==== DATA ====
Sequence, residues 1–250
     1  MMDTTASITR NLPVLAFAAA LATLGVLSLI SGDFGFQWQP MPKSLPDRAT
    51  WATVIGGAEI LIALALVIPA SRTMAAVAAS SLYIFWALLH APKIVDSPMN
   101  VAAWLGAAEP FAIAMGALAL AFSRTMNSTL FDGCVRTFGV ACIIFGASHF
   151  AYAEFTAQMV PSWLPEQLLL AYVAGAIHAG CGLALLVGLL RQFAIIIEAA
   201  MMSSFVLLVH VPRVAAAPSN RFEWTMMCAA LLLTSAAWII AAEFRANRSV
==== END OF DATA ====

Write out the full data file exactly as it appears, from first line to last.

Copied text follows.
Sequence, residues 1–250
     1  MMDTTASITR NLPVLAFAAA LATLGVLSLI SGDFGFQWQP MPKSLPDRAT
    51  WATVIGGAEI LIALALVIPA SRTMAAVAAS SLYIFWALLH APKIVDSPMN
   101  VAAWLGAAEP FAIAMGALAL AFSRTMNSTL FDGCVRTFGV ACIIFGASHF
   151  AYAEFTAQMV PSWLPEQLLL AYVAGAIHAG CGLALLVGLL RQFAIIIEAA
   201  MMSSFVLLVH VPRVAAAPSN RFEWTMMCAA LLLTSAAWII AAEFRANRSV